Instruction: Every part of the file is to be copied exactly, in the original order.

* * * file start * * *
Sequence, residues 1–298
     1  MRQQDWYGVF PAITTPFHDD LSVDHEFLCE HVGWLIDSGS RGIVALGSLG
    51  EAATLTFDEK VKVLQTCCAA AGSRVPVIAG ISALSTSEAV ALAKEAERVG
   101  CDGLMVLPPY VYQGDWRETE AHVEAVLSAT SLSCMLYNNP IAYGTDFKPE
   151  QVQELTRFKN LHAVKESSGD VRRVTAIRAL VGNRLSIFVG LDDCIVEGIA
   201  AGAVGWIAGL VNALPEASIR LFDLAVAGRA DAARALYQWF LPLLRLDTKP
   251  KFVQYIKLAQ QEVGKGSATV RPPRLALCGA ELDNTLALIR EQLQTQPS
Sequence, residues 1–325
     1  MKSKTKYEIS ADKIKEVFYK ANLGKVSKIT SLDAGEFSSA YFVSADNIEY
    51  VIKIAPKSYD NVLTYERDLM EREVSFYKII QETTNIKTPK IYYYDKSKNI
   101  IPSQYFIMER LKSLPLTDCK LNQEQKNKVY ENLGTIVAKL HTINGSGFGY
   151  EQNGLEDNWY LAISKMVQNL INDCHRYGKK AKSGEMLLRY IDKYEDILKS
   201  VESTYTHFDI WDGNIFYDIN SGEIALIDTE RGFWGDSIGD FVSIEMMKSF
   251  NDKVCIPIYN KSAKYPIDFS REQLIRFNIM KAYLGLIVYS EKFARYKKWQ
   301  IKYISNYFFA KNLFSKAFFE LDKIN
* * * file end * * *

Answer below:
Sequence, residues 1–298
     1  MRQQDWYGVF PAITTPFHDD LSVDHEFLCE HVGWLIDSGS RGIVALGSLG
    51  EAATLTFDEK VKVLQTCCAA AGSRVPVIAG ISALSTSEAV ALAKEAERVG
   101  CDGLMVLPPY VYQGDWRETE AHVEAVLSAT SLSCMLYNNP IAYGTDFKPE
   151  QVQELTRFKN LHAVKESSGD VRRVTAIRAL VGNRLSIFVG LDDCIVEGIA
   201  AGAVGWIAGL VNALPEASIR LFDLAVAGRA DAARALYQWF LPLLRLDTKP
   251  KFVQYIKLAQ QEVGKGSATV RPPRLALCGA ELDNTLALIR EQLQTQPS
Sequence, residues 1–325
     1  MKSKTKYEIS ADKIKEVFYK ANLGKVSKIT SLDAGEFSSA YFVSADNIEY
    51  VIKIAPKSYD NVLTYERDLM EREVSFYKII QETTNIKTPK IYYYDKSKNI
   101  IPSQYFIMER LKSLPLTDCK LNQEQKNKVY ENLGTIVAKL HTINGSGFGY
   151  EQNGLEDNWY LAISKMVQNL INDCHRYGKK AKSGEMLLRY IDKYEDILKS
   201  VESTYTHFDI WDGNIFYDIN SGEIALIDTE RGFWGDSIGD FVSIEMMKSF
   251  NDKVCIPIYN KSAKYPIDFS REQLIRFNIM KAYLGLIVYS EKFARYKKWQ
   301  IKYISNYFFA KNLFSKAFFE LDKIN